Music therapy for states of restlessness

Viola Heckel

Last update: 01.05.2023

Restlessness can be quieted through the experience of stillness, especially a fulfilled stillness – as we encounter it impressively in music – and lead to calm. The violinist Yehudi Menuhin speaks of silent stillness: “Out of silence arises everything that lives and lasts. [...] [It] connects us with the universe [...], it is the root of our own existence and thus the equilibrium in our own life.” (1) These words refer to the spiritual home of music.

The feeling of restlessness is accompanied by a partial loss of the connection with the spiritual world by which the person previously knew themselves to be supported. Music as a threshold art can provide comfort and security here. If music therapy succeeds in creating moments of inner calm, this helps the palliative patient to connect with the spiritual world and draw inner strength from it. In this way, they face the uncertainties of the future with greater equanimity and confidence.

Listening for the coming sound and/or allowing something already heard to linger are important mediators.

Patients often speak of an inner oscillation and vibration during their music therapy experiences. Their descriptions range from the physical level, e.g. a sensation of warmth as a resonance of playing the instrument directly against their body, to descriptions such as “my soul has wings again” and “my spirit is refreshed”. Or quite fundamentally after singing together with the sound of the lyre: “I feel the tones and sounds flowing through and invigorating the whole of me.”

Therapeutic recommendations

Restlessness in association with exhaustion and insomnia

Experiences raised through music therapy support patients in the alternation between connecting more strongly with their bodies and disengaging again. We can then observe how they relax or even fall asleep during the music therapy and then open their eyes with a clarified look or wake up refreshed.

  • In cases of severe exhaustion, a receptive approach is indicated initially: with lyre play and singing to the patient, as well as resonance experiences with the Tao lyre or the tenor chrotta, which are usually played by the therapist on the feet.
  • If possible, own activity with singing as well as playing the bordun lyre or kantele should be added. In doing so, the rhythmical musical processes should be heeded, such as the alternation of sounding and fading away and, when playing the instrument, a movement guided by musical breathing.

Restlessness after chemotherapy

Some patients describe an inner restlessness after chemotherapy in terms of feeling lost. They no longer feel inwardly centred. Music helps them to regain an inner orientation between the surrounding forces and the forces of the centre and to make contact with their spiritual home.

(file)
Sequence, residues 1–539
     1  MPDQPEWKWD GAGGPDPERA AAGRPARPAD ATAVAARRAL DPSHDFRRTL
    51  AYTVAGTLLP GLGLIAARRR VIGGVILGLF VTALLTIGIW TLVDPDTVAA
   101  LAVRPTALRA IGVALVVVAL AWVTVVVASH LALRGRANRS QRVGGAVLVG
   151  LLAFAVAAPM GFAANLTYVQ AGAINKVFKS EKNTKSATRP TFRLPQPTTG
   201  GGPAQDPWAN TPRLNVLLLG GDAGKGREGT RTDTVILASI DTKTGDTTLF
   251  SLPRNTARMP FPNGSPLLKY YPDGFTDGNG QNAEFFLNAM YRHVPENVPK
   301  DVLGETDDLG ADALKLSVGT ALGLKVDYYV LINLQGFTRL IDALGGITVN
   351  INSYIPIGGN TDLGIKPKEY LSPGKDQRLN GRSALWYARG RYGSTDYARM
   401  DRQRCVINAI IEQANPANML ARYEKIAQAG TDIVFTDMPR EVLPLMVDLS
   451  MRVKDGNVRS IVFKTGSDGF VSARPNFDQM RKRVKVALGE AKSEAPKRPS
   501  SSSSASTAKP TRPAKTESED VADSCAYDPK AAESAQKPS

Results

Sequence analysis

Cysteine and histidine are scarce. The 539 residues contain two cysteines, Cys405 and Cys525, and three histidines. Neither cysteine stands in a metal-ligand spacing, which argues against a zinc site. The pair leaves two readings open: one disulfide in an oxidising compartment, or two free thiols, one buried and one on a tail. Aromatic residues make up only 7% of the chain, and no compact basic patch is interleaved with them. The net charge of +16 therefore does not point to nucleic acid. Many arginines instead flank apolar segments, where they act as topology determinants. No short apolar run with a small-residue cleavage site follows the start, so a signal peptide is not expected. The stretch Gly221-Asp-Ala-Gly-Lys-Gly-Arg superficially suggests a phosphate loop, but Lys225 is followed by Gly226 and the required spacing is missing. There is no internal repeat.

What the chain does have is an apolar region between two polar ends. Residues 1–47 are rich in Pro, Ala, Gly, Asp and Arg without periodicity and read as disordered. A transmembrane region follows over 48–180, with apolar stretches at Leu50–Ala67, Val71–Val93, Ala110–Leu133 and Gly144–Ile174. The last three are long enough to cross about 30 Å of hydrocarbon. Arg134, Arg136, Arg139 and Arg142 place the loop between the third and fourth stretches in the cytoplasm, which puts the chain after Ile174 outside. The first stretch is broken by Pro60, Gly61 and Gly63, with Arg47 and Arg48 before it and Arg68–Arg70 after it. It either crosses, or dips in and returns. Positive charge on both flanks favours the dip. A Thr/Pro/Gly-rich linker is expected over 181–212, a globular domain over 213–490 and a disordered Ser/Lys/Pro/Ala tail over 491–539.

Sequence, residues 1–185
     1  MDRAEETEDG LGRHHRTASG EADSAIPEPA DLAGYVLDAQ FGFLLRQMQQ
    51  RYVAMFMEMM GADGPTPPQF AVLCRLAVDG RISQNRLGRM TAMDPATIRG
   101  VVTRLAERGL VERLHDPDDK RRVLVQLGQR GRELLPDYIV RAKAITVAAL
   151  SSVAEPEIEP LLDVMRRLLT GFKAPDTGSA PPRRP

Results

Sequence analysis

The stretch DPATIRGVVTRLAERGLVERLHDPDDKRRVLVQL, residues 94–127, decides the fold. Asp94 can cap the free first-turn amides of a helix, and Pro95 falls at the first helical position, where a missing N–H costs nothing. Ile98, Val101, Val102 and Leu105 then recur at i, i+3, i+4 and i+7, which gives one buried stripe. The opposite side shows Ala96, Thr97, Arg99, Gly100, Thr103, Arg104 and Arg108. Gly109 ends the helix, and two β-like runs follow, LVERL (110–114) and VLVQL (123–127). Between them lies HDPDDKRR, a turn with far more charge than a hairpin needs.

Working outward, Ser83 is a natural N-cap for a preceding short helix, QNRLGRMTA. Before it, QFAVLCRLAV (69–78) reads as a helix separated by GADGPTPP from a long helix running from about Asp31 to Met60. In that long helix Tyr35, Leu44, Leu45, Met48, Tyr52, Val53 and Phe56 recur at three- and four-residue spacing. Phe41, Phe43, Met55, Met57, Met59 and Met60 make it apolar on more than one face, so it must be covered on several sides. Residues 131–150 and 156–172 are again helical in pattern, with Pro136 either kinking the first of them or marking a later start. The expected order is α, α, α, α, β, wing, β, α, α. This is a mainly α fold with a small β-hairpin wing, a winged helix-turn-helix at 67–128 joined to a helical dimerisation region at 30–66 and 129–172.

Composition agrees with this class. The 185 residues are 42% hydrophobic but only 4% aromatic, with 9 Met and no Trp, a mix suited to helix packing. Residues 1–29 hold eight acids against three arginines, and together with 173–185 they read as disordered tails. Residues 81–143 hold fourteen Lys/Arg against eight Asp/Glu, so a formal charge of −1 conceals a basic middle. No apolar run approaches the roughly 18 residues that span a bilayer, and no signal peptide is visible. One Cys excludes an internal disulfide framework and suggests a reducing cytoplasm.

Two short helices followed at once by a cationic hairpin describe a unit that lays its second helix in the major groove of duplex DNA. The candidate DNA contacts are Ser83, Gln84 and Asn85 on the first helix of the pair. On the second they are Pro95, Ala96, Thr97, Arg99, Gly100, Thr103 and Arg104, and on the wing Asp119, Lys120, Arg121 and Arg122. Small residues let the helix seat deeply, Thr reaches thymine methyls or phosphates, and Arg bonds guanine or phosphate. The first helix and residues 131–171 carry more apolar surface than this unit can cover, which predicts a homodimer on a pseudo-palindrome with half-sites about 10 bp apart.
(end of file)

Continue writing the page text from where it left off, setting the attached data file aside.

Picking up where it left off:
• Receptive music therapy with music played to the patient and listening therapies with alto lyre as well as lyre and singing.

Alternatively, we know the picture of a state of frozen calm in which the patients appear calm on the outside but inwardly an anxiety-filled soul without peace of mind is revealed.

  • A therapeutic approach is helpful which encourages inner movement, gently leads the emotional constriction to widen or enables it to oscillate back and forth, e.g. listening to the kantele all around and, if possible, also the patient playing it themselves. In a similar way, the interplay of the forces of the centre and the surroundings can be stimulated with bright, long resonating tones of the cymbal.

Restlessness of patients and relatives due to diagnosis shock

In some cases it is helpful if relatives are present during music therapy. The creation of calm in everyone is then transferred to the patient (2).

  • Music with the alto lyre is suitable for playing to patients and relatives, rather open in style and not too emotionally coloured. The aim is to create a peaceful atmosphere that leads to the creation of calm.

If the restlessness is due to a moment of inner crisis, e.g. the experience that things as they have been no longer provide support, a music therapy approach that strengthens self-confidence is indicated as a priority.

  • Singing together or singing to the patient: A song that has meaning for the patient to give direction to the soul.
  • Enabling moments of self-activity: Strumming the strings of the lyre or kantele can be important. Equally, it is important to perceive and respect the individual patient situation if listening is preferred at that particular moment.

It is very helpful for patients to experience something in music which occupies them emotionally and spiritually. An example: one patient experienced inner calm after she was able to perceive the movement between high and low tones while singing a melody in music therapy. This clarifying experience for her also gave her the inner strength to raise herself up. 

Research news

Phase IV trial: Kalium phosphoricum comp. versus placebo in irritability and nervousness 
In a new clinical study, Kalium phosphoricum comp. (KPC) versus placebo was tested in 77 patients per group. In a post-hoc analysis of intra-individual differences after 6 weeks treatment, a significant advantage of KPC vs. placebo was shown for characteristic symptoms of nervous exhaustion and nervousness (p = 0.020, p = 0.045 respectively). In both groups six adverse events (AE) were assessed as causally related to treatment (severity mild or moderate). No AE resulted in discontinuation in treatment. KPC could therefore be a beneficial treatment option for symptomatic relief of neurasthenia. The study has been published open access in Current Medical Research and Opinion

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